|PDH Online Course Description||PDH Units/
Learning Units (Hours)
“Now, we add sight to sound”
When Sarnoff, president of RCA, formally introduced television to the world (from a podium in front of the RCA Exhibit Building at the 1939 New York World’s Fair), he heralded it as: “the birth of a new art and a new industry, which eventually will provide entertainment and information for millions.” He was right. There were many others who would be instrumental in the development of “Seeing-at-a-Distance” (a/k/a “Tele-Vision”), some of them you’ve probably heard of such as Philo T. Farnsworth and Vladimir Zworykin, but there were many others whose names have been lost to history (i.e. Charles Francis Jenkins and John Logie Baird). Although David Sarnoff’s contribution was not technical, it was critical in that it was his vision of television’s potential (and his willingness to sacrifice millions of RCA dollars in pursuit of that vision) that would, ultimately, make the modern television industry a practical reality.
In its formative years, television - a derivative of radio, was seeking a path-of-least-resistance to commercial acceptance. By the mid-1920s, it seemed “Mechanical Television,” whereby a motor-driven spinning scanning disk formed images, was the answer. But there were those who realized the limitations of mechanical television and, instead, pursued an electronic solution, building upon the work of those who came before them. This would lead to the development and acceptance, by 1932, of “Electronic Television” as “the way forward.” Delayed by WWII, after the war monochrome (black-and-white) television would develop both technically and commercially into the fledgling industry David Sarnoff had foreseen. By the mid-1950s, the focus was on Chroma (color) television and, by the mid-1960s, color television had come-of-age. In the ensuing years, the “Holy Grail” would be “Mural TV” (flat-screen). With major advances in electronic technology, that too was made manifest.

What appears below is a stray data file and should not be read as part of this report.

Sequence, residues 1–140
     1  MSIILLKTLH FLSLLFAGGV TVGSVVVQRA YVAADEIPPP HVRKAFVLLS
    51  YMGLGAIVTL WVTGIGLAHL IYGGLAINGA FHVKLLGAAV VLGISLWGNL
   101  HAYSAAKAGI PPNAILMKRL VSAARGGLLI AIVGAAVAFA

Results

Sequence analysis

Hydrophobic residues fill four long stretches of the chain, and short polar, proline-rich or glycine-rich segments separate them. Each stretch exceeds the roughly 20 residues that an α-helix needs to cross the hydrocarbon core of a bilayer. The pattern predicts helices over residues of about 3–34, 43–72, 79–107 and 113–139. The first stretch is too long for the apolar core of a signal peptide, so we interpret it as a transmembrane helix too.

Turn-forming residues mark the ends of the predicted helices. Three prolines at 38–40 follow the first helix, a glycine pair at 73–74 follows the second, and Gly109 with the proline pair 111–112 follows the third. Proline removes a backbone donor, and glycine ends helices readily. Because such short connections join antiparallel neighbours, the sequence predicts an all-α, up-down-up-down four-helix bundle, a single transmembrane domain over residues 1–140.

However, to understand the “Story of Television,” we must understand its deep roots in the gestation and birth of the “Electronic Age.” It would begin with the first form of long-distance communication – Telegraphy - the transmission of electronic impulses by wire. This would lead to the invention of the telephone and, on its heels, would come Marconi’s “Wireless Telegraphy.” But the acorn that became the mighty oak first appeared in late 1906 when Lee de Forest introduced his great invention to the world: the “Audion” tube, which could be used as an amplifier; first for radio signals and later for long-distance telephone communications. Today, the advent of the Audion tube is recognized as the beginning of the Electronic Age. From it, radio, facsimile and television would be made possible. Until the development of the transistor, the vacuum tube was the most important device in electronic technology due to its ability to respond to changes in electrical voltage in extremely short periods of time. For his great contribution, de Forest is, rightly, recognized as the “Father of Radio.” It would be from radio that television evolved.
This course includes a multiple-choice quiz at the end, which is designed to enhance the understanding of the course materials.
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